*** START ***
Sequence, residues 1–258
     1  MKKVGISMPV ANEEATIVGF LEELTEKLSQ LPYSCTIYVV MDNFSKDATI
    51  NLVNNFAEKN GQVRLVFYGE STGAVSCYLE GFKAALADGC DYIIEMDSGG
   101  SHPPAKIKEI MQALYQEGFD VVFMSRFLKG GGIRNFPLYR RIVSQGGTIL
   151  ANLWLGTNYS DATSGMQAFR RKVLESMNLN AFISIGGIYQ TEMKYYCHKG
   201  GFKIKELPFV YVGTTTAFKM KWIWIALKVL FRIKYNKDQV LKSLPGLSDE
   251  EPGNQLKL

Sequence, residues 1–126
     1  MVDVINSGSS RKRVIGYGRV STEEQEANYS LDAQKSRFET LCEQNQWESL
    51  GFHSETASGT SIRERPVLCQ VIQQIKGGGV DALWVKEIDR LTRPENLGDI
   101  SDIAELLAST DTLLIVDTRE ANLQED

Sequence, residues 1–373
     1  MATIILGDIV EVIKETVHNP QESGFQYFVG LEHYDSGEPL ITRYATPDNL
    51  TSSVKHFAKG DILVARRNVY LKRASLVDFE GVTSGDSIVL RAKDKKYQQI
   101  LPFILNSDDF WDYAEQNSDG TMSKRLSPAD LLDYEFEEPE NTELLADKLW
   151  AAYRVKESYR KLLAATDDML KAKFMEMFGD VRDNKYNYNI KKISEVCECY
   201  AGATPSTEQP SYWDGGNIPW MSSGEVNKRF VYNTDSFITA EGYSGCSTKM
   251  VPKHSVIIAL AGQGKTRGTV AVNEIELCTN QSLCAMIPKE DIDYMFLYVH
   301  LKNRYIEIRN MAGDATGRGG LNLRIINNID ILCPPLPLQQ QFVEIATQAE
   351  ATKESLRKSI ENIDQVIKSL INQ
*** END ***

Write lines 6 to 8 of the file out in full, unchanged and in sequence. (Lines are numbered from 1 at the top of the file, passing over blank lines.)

   201  GFKIKELPFV YVGTTTAFKM KWIWIALKVL FRIKYNKDQV LKSLPGLSDE
   251  EPGNQLKL

Sequence, residues 1–126